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Département Biologie des Génomes

par Clubs génome, EQYY - publié le , mis à jour le


  • Vendredi 29 mars 11:00-12:00 - Claude Bruand - Laboratoire des Interactions Plantes-Microorganismes (LIPM), Université de Toulouse, INRA, CNRS, Castanet-Tolosan, France

    Non-homologous end-joining in bacteria : from DNA double-strand break repair to acquisition of heterologous DNA

    Résumé : DNA double-strand breaks (DSB) in bacteria can be repaired either by homologous recombination dependent on the universal RecA protein, or by non-homologous end-joining (NHEJ), a two-component system relying on the Ku and LigD proteins, present in 20 % of bacterial species. Strikingly, Sinorhizobium meliloti encodes several potential Ku and LigD proteins, which prompted us to perform a comprehensive genetic analysis of NHEJ in this bacterial species. We report here the results of this study, which brings new insights into the mechanism, regulation and putative function of NHEJ in bacteria.
    Dupuy P., Sauviac L. and Bruand C. (2018) Stress-inducible NHEJ in bacteria : function in DNA repair and acquisition of heterologous DNA. Nucleic Acids Res. doi : 10.1093/nar/gky1212.
    Bertrand C., Thibessard A., Bruand C., Lecointe F., Leblond P. (2019) NHEJ in bacteria : a never ending story. Mol Microbiol. doi : 10.1111/mmi.14218
    Contact : Julien Bischerour and Mireille Bétermier

    Lieu : Salle des séminaires- bâtiment 26 - Campus CNRS de Gif-sur-Yvette

  • Vendredi 5 avril 11:00-12:00 - Charles Dorman - Department of Microbiology, Moyne Institute of Preventive Medicine, Trinity College Dublin, Ireland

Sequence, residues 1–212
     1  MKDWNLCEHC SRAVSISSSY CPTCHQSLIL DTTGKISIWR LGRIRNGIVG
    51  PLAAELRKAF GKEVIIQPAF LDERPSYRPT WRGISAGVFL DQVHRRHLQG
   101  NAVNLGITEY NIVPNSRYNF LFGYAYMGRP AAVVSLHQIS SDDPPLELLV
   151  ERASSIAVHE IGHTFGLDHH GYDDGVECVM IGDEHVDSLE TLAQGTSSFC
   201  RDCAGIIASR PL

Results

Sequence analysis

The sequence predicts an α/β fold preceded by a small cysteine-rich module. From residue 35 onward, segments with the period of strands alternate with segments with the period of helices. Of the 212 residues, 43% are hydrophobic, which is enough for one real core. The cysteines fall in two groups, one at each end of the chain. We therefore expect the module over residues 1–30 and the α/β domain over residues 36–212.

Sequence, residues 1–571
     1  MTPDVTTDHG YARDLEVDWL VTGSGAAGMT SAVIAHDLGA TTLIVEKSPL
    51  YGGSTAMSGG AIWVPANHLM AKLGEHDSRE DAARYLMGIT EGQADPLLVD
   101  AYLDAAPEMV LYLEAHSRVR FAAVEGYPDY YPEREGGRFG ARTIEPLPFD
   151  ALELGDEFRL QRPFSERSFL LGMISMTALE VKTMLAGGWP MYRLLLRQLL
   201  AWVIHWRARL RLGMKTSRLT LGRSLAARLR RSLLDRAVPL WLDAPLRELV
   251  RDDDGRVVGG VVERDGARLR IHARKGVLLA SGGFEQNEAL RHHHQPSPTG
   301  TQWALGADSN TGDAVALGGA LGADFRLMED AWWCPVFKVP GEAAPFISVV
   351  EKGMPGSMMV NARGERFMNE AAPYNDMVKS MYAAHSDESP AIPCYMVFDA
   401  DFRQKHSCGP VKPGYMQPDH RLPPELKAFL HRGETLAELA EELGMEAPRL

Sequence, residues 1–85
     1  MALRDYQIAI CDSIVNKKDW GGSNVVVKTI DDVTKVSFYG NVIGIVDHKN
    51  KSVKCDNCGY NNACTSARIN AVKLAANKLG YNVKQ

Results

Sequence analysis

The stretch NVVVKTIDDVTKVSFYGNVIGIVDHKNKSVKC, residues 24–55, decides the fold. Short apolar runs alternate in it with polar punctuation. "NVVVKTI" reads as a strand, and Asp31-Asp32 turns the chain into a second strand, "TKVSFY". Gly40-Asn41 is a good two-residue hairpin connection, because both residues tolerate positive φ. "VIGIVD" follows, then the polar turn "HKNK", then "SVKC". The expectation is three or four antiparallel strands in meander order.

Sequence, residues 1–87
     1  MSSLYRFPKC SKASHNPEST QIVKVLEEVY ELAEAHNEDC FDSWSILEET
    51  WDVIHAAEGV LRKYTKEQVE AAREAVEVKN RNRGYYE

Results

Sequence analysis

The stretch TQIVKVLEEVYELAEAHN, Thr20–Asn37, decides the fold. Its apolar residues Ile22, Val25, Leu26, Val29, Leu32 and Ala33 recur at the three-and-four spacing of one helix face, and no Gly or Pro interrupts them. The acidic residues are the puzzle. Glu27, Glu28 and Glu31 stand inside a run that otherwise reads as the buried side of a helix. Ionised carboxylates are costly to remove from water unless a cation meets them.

Bacterial decision-making

    Résumé : The model organism Escherichia coli inhabits a series of environments that impose on the bacterium a need to be nimble in making adjustments to its composition and physiology if it is to survive and thrive. E. coli provides a good experimental system for understanding how bacteria in general interpret their surroundings and make appropriate responses to change, a process that can be described as decision making. Decisions are made at the level of individual cells but are made manifest at the level of the whole bacterial population. In this lecture the dynamic structure of the E. coli nucleoid will be compared to the workings of a primitive brain and adjustments to the 4-dimensional structure of the nucleoid will be considered in terms of their impact on the operation of a genetic switch that governs the composition of the bacterial cell surface and the ability of the individual bacterium to adhere to surfaces in the animal or human host or in the external environment. Finally, the implications of this decision-making process will be considered for the creation of physiological diversity within a genetically homogenous bacterial population and for influencing the reversible commitment to either an independent (planktonic) style of living or to a community-based strategy within a biofilm.

    Lieu : Bibliothèque Bât. 34 - Campus de Gif-sur-Yvette

    Notes de dernières minutes : The Chair of Microbiology at Trinity College Dublin was established 100 years ago (in 1919) as the Chair of Bacteriology and Preventive Medicine. Charles Dorman has held this chair for the past 25 years. He is a Member of the Royal Irish Academy, a Fellow of the American Academy of Microbiology, a Fellow of the Royal Society of Biology, a founding member of the European Academy of Microbiology, a Trustee of the Microbiology Society (London) and a Science Foundation Ireland Principal Investigator. Professor Dorman has published over 200 articles on the topic of bacterial gene regulation.

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